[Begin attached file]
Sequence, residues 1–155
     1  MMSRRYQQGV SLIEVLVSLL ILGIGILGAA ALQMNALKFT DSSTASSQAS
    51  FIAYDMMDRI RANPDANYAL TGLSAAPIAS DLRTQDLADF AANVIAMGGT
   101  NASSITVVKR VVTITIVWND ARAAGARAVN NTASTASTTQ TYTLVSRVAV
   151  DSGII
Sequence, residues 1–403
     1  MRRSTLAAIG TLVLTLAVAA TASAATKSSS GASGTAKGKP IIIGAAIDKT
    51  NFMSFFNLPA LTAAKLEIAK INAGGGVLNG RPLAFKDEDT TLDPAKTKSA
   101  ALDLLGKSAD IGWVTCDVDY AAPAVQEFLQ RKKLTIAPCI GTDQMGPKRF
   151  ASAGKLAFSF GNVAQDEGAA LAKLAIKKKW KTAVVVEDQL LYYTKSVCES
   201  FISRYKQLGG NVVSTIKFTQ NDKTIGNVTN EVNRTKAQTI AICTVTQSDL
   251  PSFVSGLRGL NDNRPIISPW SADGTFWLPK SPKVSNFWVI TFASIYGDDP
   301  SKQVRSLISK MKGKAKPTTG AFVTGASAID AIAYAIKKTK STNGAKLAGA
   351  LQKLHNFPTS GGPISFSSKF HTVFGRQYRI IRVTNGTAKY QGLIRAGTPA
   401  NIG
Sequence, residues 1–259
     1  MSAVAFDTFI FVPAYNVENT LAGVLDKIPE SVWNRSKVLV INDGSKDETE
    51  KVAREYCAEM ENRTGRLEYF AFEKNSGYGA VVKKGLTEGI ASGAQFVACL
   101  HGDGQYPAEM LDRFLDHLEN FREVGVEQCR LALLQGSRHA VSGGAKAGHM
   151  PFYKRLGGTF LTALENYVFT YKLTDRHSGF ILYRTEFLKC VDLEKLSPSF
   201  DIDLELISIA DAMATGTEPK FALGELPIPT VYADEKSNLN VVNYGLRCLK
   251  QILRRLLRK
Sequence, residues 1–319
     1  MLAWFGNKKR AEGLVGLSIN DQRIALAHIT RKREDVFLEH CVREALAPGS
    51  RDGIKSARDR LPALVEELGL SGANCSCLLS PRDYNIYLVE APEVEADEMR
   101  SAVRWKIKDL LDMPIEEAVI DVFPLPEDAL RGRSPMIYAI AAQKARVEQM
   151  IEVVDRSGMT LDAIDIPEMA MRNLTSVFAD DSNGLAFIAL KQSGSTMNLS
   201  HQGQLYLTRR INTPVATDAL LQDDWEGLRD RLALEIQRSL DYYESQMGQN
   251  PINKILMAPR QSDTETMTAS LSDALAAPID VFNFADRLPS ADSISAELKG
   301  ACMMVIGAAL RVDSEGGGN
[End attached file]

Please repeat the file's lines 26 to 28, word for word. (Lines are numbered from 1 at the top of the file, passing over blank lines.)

   101  SAVRWKIKDL LDMPIEEAVI DVFPLPEDAL RGRSPMIYAI AAQKARVEQM
   151  IEVVDRSGMT LDAIDIPEMA MRNLTSVFAD DSNGLAFIAL KQSGSTMNLS
   201  HQGQLYLTRR INTPVATDAL LQDDWEGLRD RLALEIQRSL DYYESQMGQN